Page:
Guest Post by Jeff Thielman, President of Cristo Rey Boston High School
A Catholic high school in the center-city is counter-cultural by its very nature. Yet even in an era when religion remains one of the Big 3 taboo subjects, young people and adults at Cristo Rey Boston High School freely explore their own faith, the faith of others, and even the absence of any faith in their personal lives.
Every student takes classes where they learn about the Old and New Testament, religions of the world, and ethics. All students take part in at least one retreat a year, community-wide Masses are celebrated about once a month, and every day two Masses are offered by one of the four Roman Catholic priests who work at our school.
You heard correctly. Four priests from the Fraternity of St. Charles Borromeo work as teachers and administrators at our small school of 348 students. The students gravitate to them. At our fall Community Day, a day of reflection, activities, and a cookout, our Campus Minister, Fr. Franco Soma, fscb, gave a beautiful talk to the students about gratitude. He spoke about how lucky he is to work at Cristo Rey Boston High School. One of my advisees, a junior named Chris Young, told me that it was the best speech he ever heard.
It is uplifting to walk through our hallways and see four priests and their lay colleagues of Catholic, Jewish and Protestant faiths joking, smiling, and encouraging our students.
The other day I was chatting with Nada Shaaban, one of our sophomores. She’s a Muslim who lives with her Mom and two siblings in Jamaica Plain. I asked her why she decided to attend a Catholic school. “I came for a visit, and it just felt like the school for me,” she said. “I like the attention we get from teachers. They are always encouraging me, they’re always very positive. And, I like learning about different religions.”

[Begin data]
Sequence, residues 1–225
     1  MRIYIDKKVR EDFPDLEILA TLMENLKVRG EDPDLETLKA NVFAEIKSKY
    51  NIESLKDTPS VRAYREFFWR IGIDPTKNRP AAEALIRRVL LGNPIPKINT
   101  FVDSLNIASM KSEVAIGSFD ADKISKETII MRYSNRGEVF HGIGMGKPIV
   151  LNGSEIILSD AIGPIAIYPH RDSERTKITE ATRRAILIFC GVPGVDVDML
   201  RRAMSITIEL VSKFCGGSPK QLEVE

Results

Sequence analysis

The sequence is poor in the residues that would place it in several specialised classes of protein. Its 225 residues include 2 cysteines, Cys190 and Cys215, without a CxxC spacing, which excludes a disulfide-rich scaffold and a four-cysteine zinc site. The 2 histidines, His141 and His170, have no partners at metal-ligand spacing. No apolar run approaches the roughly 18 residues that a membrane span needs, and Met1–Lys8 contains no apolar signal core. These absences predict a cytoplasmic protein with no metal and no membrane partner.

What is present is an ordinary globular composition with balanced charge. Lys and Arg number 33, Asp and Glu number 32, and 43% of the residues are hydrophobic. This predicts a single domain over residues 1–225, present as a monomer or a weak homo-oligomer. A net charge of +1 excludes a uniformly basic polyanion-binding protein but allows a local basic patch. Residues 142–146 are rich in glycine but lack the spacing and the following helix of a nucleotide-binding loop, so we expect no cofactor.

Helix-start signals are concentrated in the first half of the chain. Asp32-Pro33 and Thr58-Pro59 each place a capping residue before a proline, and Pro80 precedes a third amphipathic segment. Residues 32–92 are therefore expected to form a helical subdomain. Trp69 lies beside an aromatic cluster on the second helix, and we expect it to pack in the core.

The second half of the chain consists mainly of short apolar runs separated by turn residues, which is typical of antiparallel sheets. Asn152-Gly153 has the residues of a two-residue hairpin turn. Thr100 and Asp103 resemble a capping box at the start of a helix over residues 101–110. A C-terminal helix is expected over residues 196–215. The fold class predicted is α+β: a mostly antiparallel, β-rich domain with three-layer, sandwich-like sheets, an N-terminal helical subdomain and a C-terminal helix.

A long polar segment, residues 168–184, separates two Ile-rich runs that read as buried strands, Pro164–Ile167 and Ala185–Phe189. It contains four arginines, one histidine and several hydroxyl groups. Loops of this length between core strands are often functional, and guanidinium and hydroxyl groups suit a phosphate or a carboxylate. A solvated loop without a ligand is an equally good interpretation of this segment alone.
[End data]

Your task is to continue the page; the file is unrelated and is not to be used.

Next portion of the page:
Shortly before my brief conversation with Nada, I gave a tour to a Jewish woman who is fascinated by our mission. I took her to see a number of classes, including a class that was discussing Jesus’ baptism by John the Baptist. She loved the discussion and waved me off on two occasions when I moved towards the door to escort her to another class.
In a world where faith can be exploited for political and personal gain and where schools do everything in their power to avoid any mention of the word God, Cristo Rey Boston High School is a place where a Jew can be fascinated by a class on Jesus, a Muslim student finds a home, and four young priests provide a rich presence to students and staff. Despite our differences, we come together at Cristo Rey – a place where we boldly celebrate the reign of Christ the King.